A few weeks ago an online discussion about the concept of Black Power and whether or not it was being diluted and gentrified popped up on the facebook page of Jared Ball, long time radio host, journalist and professor at Morgan State and author of several books including I Mix What I Like and A Lie of Reivention Correcting Manning Marable’s Malcolm X . A lot of interesting points were raised about the systemic erasing and distorting of history in academic settings which was resulting in a younger generation of scholars building theory and ideas off of faulty information. This online conversation sparked off a round table that was recently hosted on the syndicated Hard Knock Radio.
A couple of other scholars Dr Quito Swan of Howard University (Black Power in Bermuda) and Professor Rickey Vincent of UC Berkeley and SF State (History of Funk, Party Music) were contacted for a robust round table discussion that covered a variety of topics ranging from the history and origins of the term and what inspired Kwame Toure then known as Stokely Carmichael along with Willie Ricks to kick things off during a rally in 1966 in Mississippi.
We talked about the deeper meanings behind the term and how it jived with the political and social dynamics at that time. We also talked about the harsh reaction to the term from the US government and how almost immediately there were efforts to both eradicate and redefine it.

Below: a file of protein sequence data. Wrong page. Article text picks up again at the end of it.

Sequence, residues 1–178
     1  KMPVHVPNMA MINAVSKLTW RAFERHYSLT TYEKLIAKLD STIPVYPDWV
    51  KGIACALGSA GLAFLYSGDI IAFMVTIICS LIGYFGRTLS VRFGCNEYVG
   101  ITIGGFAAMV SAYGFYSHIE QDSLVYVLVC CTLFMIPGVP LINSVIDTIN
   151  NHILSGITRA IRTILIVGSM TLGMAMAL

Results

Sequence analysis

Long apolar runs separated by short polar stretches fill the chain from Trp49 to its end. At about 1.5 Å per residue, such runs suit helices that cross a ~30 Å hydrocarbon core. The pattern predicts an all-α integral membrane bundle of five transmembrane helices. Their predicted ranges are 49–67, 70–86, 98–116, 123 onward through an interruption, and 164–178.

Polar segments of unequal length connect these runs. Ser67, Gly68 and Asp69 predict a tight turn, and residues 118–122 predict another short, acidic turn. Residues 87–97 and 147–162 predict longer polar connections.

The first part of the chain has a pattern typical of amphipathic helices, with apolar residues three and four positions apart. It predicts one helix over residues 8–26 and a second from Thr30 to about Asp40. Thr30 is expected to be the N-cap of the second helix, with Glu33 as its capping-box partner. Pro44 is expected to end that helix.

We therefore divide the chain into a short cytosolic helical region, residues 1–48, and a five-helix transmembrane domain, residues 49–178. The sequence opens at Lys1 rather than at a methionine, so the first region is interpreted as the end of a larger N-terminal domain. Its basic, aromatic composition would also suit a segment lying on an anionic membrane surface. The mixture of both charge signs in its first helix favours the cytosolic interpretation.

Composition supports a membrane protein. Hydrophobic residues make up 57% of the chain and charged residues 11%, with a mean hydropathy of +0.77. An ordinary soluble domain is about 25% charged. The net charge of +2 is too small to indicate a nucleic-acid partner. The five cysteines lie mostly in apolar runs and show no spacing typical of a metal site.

Initially Black Power was a call for folks to stand up against imperialism and over the years its been reduced to economic prowess and later Black people’s to get in position of power and mimic imperialistic actions long taken by the US. As Jared Ball noted Black Power has now become an ‘American story‘ of success where the status quo is maintained vs one that steadfastly opposed wrong headed policies put forth by this country.
Ricky Vincent built upon many of the points he put forth in his new book Party Music which chronicles the way music was influenced by the Black Power movements.. He noted that Carmichael tapped into an energy of resistence that was bubbling amongst Black folks all over the world. He just gave it a name. The state via the FBI recognized that energy and spent alot of time trying to dismantle and stifle that energy controlling and using culture.
We also talked about how the concept of Black Power played out on the international stage. This is Quito Swan‘s area of expertise and he put forth a number of salient points and reminded us that one of the challenges we have today is that as some try to soften and redefine Black power, they leave out how the freedom struggles in the US linked up with freedom struggles elsewhere, from the Carribean , throughout Latin America and Africa. He focused in on the first Black Power Convention that took place in 1969 in Bermuda.
Below is our Hard Knock Radio show roundtable -Enjoy